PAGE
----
Tuesday. May 1st. Bath.
My dear friend
We have of late been very uneasy respecting my brother in the Mars. The gazette relieved us by making honourable mention of him, & luckily we knew nothing of his wounds, till his own letter informed us last night.  His escape has been almost miraculous – he was by the Captain when the Boatswain  came to ask if they should board the enemy forwards – by all means was the reply. Tom caught up a pike & ran to that part of the ship. he found them all in confusion, & as he imagined only wanting a leader. he cried out will you follow me? they answered yes by G– Sir to Hell! my brother got upon the anchor & from thence on board the Hercules – he had just made his landing good whence he received a thrust from a pike in his right thigh, & immediately a second, which made him loose his hold & he fell beneat between the two ships. as he was falling they made a third thrust at his back. the pike glanced from his shoulder blade so as to pass twice thro all his cloaths & take out a small piece of flesh. providentially as he fell he caught hold of a rope hanging from the anchor, hung by it & got upon his own deck. he then clapt his hand to the wounds on his thigh, & felt them bleeding profusely, the bloody running down his leg. he was fearful lest he should faint with loss of blood & be thrown overboard, & so made his way to the cock pit. his letter is written in high spirits – but the horrible scene he witnessed, particularly in the cock pit – has strongly impressed him. we expect him home. Ld Bridport sent him word that he would not forget him.
I have always I trust been sensible of the folly & wickedness of these war systems – & yet methinks I feel it somewhat more strongly now. here are ninety men killed & wounded in the Mars (& Tom says this number is he fears rather too little than too much) & 350 Frenchmen. What an aggregate of wretchedness when we consider the branchings of their connections!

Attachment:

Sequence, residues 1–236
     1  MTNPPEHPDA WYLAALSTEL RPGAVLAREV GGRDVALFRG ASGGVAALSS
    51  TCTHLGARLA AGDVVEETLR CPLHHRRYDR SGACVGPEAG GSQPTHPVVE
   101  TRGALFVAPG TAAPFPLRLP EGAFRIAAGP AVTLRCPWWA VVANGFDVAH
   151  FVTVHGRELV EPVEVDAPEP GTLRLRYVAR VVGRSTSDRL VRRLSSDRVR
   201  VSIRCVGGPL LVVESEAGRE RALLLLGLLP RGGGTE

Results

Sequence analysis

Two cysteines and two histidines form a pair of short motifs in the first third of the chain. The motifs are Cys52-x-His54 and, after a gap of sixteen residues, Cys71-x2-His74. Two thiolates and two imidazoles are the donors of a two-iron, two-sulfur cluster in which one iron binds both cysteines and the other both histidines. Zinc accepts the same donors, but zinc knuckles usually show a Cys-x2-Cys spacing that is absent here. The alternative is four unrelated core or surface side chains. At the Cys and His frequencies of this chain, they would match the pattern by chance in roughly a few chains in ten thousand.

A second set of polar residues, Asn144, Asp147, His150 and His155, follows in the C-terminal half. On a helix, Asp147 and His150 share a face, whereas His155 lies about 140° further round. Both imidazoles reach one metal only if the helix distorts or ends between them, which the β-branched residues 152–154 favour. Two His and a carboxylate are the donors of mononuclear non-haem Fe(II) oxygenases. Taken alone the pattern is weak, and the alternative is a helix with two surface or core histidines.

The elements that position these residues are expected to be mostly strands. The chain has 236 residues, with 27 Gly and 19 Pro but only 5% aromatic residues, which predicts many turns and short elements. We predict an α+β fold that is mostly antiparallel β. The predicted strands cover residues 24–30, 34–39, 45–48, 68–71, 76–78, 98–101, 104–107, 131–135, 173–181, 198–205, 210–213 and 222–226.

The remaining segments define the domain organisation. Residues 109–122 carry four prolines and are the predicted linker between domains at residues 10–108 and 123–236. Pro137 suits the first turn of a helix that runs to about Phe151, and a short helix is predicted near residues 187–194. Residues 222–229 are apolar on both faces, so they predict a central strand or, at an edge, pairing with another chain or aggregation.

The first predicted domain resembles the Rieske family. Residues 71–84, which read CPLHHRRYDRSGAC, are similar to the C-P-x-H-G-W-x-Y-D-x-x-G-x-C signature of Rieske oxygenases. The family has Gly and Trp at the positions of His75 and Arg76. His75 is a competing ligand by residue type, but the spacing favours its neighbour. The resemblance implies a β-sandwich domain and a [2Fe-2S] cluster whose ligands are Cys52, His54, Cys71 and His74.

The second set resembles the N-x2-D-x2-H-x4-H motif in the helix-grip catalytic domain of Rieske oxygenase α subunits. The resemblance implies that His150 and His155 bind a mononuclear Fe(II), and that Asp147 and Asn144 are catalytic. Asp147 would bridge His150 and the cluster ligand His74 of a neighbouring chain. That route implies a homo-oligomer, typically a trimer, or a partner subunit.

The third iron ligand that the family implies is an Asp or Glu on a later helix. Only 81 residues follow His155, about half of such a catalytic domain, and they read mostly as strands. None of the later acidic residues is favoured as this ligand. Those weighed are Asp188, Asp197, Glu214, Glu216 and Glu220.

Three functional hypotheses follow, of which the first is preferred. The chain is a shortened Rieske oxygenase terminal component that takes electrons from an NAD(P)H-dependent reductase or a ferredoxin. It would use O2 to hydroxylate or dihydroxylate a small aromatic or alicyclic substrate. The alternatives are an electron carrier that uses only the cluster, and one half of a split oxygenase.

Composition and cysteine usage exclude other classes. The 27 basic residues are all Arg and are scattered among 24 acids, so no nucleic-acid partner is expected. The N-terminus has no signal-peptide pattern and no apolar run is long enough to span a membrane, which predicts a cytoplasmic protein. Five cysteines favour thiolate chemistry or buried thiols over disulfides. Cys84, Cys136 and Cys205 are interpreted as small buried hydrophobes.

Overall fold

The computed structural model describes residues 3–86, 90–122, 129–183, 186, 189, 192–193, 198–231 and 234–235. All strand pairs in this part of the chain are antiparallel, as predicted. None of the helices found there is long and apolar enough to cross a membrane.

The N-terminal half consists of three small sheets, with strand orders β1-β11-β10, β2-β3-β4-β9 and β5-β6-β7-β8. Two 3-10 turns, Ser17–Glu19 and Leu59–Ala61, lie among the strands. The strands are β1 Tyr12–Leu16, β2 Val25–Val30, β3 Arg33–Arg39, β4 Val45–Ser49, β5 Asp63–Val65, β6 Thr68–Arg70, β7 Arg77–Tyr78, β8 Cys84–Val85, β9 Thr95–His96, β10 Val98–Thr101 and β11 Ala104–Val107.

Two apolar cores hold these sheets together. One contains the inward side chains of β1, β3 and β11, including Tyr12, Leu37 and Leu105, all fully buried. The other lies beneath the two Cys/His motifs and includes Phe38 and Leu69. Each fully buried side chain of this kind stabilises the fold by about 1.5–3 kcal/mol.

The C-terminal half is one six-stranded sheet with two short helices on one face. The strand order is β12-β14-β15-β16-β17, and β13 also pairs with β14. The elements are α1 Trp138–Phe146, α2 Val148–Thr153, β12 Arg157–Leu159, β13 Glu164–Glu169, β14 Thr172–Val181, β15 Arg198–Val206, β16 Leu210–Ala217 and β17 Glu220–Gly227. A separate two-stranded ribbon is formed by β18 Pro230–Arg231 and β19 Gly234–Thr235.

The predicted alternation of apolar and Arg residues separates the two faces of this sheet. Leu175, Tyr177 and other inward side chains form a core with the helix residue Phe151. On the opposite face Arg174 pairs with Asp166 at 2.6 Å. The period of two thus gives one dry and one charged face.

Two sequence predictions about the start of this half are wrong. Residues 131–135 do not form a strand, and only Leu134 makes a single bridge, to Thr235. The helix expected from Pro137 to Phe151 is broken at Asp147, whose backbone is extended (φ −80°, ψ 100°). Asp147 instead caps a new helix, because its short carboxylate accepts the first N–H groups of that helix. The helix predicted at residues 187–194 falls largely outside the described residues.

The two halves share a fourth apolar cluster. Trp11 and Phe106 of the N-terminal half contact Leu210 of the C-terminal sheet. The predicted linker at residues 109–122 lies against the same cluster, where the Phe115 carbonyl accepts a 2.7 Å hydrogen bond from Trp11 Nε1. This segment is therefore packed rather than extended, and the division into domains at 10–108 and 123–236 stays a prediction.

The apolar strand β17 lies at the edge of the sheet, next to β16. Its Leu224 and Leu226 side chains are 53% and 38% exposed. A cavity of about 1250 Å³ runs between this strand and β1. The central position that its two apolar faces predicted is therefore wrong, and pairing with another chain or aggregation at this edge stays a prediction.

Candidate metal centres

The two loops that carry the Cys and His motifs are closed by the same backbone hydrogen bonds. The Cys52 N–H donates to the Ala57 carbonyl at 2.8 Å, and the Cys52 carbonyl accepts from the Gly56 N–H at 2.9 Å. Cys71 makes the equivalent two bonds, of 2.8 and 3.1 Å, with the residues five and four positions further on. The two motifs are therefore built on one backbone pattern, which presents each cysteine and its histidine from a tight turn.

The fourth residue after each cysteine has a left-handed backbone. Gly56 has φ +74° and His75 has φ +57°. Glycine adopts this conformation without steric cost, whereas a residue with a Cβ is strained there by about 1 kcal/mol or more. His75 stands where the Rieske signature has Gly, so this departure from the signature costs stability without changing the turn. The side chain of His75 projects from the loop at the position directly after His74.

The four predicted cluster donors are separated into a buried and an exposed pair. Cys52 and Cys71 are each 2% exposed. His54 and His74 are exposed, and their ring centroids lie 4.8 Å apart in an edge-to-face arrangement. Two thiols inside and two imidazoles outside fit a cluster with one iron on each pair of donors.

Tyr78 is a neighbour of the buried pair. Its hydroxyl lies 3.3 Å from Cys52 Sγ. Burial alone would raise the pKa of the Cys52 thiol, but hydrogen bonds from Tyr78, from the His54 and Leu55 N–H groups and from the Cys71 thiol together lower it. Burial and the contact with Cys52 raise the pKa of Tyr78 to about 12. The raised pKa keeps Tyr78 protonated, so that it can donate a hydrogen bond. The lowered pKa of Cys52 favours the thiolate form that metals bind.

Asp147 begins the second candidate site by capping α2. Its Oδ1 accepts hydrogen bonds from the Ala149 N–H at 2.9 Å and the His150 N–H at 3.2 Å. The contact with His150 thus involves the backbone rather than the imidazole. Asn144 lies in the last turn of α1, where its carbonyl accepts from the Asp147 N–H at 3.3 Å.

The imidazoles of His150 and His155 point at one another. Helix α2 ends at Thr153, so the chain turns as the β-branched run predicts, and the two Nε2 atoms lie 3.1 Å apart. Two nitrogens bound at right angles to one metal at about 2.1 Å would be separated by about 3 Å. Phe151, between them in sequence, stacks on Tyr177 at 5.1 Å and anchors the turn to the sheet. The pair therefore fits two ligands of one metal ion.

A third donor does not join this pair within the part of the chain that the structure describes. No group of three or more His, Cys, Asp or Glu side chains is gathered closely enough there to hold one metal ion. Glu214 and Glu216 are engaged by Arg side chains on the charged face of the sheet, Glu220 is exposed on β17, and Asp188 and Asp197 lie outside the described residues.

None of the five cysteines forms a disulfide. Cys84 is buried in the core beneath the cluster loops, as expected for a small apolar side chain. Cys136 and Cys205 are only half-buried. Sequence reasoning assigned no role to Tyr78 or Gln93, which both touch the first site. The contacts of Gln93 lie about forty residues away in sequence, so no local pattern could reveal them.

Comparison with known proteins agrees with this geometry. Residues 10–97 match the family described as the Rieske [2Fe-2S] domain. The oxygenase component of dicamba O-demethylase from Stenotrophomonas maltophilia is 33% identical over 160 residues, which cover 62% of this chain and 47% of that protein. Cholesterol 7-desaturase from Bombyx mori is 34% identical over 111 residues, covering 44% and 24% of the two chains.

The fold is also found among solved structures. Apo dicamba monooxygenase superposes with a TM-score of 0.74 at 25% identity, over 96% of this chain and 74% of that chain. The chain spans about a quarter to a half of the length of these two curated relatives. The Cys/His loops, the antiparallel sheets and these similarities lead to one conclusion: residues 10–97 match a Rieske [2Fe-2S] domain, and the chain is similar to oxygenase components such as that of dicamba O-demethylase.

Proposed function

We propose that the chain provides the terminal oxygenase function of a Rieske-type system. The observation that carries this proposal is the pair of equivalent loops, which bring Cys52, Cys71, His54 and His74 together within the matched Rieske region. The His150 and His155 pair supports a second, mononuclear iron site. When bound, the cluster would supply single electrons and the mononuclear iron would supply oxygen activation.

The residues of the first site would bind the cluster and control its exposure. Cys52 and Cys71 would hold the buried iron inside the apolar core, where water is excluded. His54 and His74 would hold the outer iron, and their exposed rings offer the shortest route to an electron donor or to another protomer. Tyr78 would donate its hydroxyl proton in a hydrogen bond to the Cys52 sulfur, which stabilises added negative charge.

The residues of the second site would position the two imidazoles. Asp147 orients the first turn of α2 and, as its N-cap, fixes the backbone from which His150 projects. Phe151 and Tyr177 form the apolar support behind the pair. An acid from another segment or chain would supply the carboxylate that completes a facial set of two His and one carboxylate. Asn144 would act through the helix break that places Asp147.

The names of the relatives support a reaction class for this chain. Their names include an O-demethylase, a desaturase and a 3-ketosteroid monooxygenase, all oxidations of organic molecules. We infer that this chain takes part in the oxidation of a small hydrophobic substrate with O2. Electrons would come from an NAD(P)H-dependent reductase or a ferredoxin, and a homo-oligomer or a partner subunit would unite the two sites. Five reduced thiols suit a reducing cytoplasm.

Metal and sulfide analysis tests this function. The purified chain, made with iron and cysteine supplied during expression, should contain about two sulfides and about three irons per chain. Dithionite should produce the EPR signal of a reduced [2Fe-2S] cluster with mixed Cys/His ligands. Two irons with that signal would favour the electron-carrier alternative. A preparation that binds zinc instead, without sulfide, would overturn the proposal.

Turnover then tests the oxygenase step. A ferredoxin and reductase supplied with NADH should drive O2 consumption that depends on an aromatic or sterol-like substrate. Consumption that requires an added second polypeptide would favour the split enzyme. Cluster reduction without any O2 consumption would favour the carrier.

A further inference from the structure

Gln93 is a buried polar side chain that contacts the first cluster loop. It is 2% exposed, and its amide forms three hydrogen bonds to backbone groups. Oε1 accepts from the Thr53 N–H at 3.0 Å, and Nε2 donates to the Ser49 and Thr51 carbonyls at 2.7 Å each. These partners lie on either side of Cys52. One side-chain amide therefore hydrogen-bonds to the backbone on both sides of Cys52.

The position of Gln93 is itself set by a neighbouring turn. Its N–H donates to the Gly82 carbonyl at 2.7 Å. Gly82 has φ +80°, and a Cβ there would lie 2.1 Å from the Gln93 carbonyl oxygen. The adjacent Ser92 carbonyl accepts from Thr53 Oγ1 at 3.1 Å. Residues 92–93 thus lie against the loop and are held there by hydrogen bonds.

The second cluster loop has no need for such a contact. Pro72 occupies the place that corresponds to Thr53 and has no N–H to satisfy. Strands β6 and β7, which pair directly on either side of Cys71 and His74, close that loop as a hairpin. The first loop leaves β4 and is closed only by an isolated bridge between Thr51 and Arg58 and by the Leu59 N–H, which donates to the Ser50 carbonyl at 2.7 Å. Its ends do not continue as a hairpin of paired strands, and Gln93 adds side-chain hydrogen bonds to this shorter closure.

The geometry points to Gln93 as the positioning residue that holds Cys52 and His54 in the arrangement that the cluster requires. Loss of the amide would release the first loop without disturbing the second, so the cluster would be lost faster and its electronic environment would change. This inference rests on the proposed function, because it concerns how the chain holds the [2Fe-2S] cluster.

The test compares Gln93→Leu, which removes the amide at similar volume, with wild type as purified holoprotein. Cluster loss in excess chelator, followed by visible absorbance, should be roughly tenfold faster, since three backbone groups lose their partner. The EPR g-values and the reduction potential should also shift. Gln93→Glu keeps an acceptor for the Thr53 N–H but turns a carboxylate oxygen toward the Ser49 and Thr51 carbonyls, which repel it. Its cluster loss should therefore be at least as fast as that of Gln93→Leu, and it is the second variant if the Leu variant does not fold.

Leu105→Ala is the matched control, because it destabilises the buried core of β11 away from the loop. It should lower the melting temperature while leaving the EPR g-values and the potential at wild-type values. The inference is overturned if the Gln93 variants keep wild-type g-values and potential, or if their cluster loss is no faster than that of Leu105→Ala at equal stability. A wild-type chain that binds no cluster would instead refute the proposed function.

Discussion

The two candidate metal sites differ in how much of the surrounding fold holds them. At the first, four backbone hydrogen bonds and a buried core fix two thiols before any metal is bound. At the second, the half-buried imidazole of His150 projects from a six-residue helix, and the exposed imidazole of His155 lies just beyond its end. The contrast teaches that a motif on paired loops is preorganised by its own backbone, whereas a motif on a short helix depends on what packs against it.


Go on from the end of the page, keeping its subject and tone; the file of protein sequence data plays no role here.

We removed here on Saturday last. [MS torn] I was sorry to leave Bristol before Beddoes had finis[MS torn] his course of chemical lectures  to which he had given m[MS torn] an admission ticket. I was sorry likewise to remove Ed[MS torn] from a situation more favourable in air & for the opport[MS torn] of exercise than this. but I found it necessary for my mothers spirits, on which her health so much depends – & also to prevent her from exposing herself to damp weather & easterly winds, which nothing but my presence could effectually do. My Mother is surprizingly better, but her health sadly fluctuates. at Midsummer the Landlord  takes to the house – I have heard nothing from Lisbon – & must write thither again, upon the subject of this her removal, that the money in Mr Burns  hands, which he designed to extricate her, & which I prevented from being less usefully employed, may now be thus directed. When this business is once settled I shall feel a heavy load removed from my mind.
I corrected my last proof  the morning of my departure. the large copies  will be got ready this week, & I go over on Friday to dispatch them, so that I hope to send you one on Monday next, with one for Burn.
Edith is some little better – but her health varies likewise. she desires to be remembered.
God bless you
* Address: To/ John May Esqr/ 4. Bedford Square/ London
Postmark: MY/ 2/ 98
Endorsement: 1798 No. 16./ Robert Southey/ Bath 1 May/ recd: 2 do/ ansd: 10 do
MS: Harry Ransom Humanities Research Center, University of Texas, Austin
Previously published: Charles Ramos, The Letters of Robert Southey to John May: 1797–1838 (Austin, Texas, 1976), pp. 29–30. BACK
 Beddoes later claimed his chemical lectures were undertaken because ‘many people’ in Bristol desired ‘philosophical information’, Contributions to Physical and Medical Knowledge, Principally from the West of England, Collected by Thomas Beddoes, M.D. (Bristol, 1799), p. 211. BACK
 Probably Mr Chilton (first name and dates unknown), owner of the boarding-house at 8 Westgate Buildings, Bath, and therefore Margaret Southey’s landlord; see The New Bath Directory (Bath, ), p. 29. BACK